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GameStop shares whipsaw as meme trade makes a comeback

Mohit Oberoi
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GameStop shares crashed on Friday and are lower in the US post-market price action. The meme darling has seen quite a bit of volatility over the last month after “Roaring Kitty” whose real name is Keith Gill became active online and started tweeting about the company.

He shared a cryptic tweet on May 13 which added fuel to GameStop’s meme rally. However, the shares crashed last week after his livestream which did not offer any new insight into the investing theme for the gaming retailer.

Gill holds 20,000 GME call options with a strike price of $20 that expires June 21. During the stream, he said that he does not have any institutional backers. “Those are my positions. I’m not working with anybody else, with hedge funds. … I gotta hop on the stream and just remind people you know … I’m not an institutional investor,” said Gill.

Meanwhile, GameStop shares crashed a whopping 40% on Friday. Not only did Gill’s livestream turn out to be a damp squib but GameStop’s earnings also played a dampener.

GameStop preponed its earnings

GameStop preponed its earnings and released its in premarkets on Friday, It reported revenues of $881.8 million in the quarter which was down 29% YoY and below Wall Street expectations. However, the company’s net low narrowed to $32.3 million in the quarter as compared to $50.5 million in the corresponding quarter last year.

The company did not hold an earnings call and has anyways stopped taking analyst questions during the earnings.

GameStop to issue more shares

Just last month GameStop sold 45 million shares to raise upwards of $900 million. Now it has unveiled yet another stock sale plan and intends to sell 75 million shares.

AMC Entertainment that is saddled with billions of dollars of debt, issued shares worth $250 million amid the meme stock mania.

In the 2021 meme stock rally also, companies capitalised on the short squeeze and went on a capital raising spree. Zomedica, Sundial Growers, and Naked Brands issued new shares in a frenzy with almost complete disregard for dilution.

Meme share rallies

The capital raise was a lifesaver for meme companies and some wouldn’t have survived if not for the cash they raised during that period. But then, even the massive capital raise wasn’t any surety of long-term survival.

Naked Brands for instance eventually announced a reverse merger with Cenntro Electric Group while Zomedica’s current market cap is just about similar to the $173.5 million that it raised through share sales in 2021.

Sundial Growers is an exception here as the company, which was predominantly a cannabis company turned into an investment company and the marketable securities and investments on its balance sheet are just about similar to its market cap.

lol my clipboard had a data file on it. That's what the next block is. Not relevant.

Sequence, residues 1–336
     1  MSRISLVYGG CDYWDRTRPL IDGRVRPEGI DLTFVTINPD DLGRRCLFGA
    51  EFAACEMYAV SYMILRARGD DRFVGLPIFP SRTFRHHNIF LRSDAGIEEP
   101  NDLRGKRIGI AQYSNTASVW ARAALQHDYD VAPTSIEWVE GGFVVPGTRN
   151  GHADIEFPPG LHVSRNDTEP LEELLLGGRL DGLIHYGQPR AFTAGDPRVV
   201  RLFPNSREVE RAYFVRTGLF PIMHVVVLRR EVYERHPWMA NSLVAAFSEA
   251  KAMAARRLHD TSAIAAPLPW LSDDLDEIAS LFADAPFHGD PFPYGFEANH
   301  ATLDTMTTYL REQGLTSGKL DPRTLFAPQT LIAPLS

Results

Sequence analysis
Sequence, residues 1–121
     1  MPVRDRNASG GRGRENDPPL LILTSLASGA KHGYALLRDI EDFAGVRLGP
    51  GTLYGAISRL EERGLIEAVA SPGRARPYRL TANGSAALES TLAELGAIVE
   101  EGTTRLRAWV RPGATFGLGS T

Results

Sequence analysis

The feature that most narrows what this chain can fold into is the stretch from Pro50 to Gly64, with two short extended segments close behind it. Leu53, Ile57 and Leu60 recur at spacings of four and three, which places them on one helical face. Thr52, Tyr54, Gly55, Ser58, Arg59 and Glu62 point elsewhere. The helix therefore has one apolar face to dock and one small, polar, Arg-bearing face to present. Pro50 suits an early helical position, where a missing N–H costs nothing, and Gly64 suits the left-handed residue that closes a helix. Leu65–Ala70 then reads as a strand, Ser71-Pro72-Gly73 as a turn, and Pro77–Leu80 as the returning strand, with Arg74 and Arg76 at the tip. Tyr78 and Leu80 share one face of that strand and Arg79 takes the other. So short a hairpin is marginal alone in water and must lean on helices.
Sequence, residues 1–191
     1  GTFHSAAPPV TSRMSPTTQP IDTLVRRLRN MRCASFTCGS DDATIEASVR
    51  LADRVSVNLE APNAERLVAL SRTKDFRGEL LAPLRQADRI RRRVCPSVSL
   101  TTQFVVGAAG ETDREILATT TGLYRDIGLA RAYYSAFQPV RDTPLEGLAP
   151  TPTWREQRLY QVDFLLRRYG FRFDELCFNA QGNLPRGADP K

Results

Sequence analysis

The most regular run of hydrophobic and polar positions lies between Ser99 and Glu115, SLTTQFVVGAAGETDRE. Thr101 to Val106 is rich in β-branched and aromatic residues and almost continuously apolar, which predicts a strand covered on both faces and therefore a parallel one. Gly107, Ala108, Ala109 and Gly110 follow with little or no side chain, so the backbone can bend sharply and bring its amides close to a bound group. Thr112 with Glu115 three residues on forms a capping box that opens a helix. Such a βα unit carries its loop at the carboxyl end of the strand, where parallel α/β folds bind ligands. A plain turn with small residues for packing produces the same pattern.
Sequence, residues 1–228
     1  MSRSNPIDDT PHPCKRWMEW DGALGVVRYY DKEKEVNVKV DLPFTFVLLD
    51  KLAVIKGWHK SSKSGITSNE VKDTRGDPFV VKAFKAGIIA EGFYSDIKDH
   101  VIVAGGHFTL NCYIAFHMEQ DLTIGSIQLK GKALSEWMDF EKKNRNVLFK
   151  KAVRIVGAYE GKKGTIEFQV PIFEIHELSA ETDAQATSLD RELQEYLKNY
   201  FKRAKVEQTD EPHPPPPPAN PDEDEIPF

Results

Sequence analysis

Analysts don’t see a revival in GameStop

GameStop has taken several actions to revive the business. For instance, it doubled down on online sales, shut many of its stores, reshuffled its top management and hired several tech executives, and expanded its target market. It even experimented with NFTs but these measures haven’t been able to mask the near-terminal decline in its core gaming retailing business.

Analysts continue to be bearish on GameStop and Wedbush analyst Michael Pachter who has a $7 target price on the shares believes the company is not in a position to move to profitability, citing its $6 million loss last year.

“We expect them to lose $100 million a year going forward. It’s a race to see if they can close stores fast enough to limit losses, but they have no plan that would suggest they can grow revenues or profits, and their core business is in decline,” said Pachter.

Is Gill manipulating GameStop shares?

Former SEC chief Jay Clayton believes that Gill could have possibly committed market manipulation with his tweets that “triggered…euphoric and speculative buying among the retail community.” However, he said that “facts and circumstances around the publication of the tweet,” would need to be considered while determining whether Gill’s activity was illegal.

According to Clayton, “There is nothing illegal about saying I like a stock” He however added, “There are things illegal about saying I like a stock and taking activity in the marketplace that’s designed to drive behavior, indicate that prices are rising.”

E*Trade was reportedly considering banning Gill from its platform

The Wall Street Journal reported that E*Trade was considering banning Gill from its platform. According to Pillsbury partner David Oliwenstein “What the government would need to show to pursue a market manipulation theory is manipulative intent.”

He added, “It’s safe to assume that the SEC will at least take a hard look at the trading.”

Meanwhile, while GameStop shares have come off their 2024 highs they are still much higher than what they were before the meme rally began. GameStop seems to be making up the most from the rally as is evident in its second share sales announcement.

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Mohit Oberoi

Mohit Oberoi

Mohit Oberoi is a freelance finance writer based in India. he has completed his MBA in finance as a major. He has over 15 years of experience in financial markets. He has been writing extensively on global markets for the last eight years and has written over 7,500 articles. He mainly covers metals, electric vehicles, asset managers, and other macroeconomic news. He also loves writing on personal finance and topics related to valuation.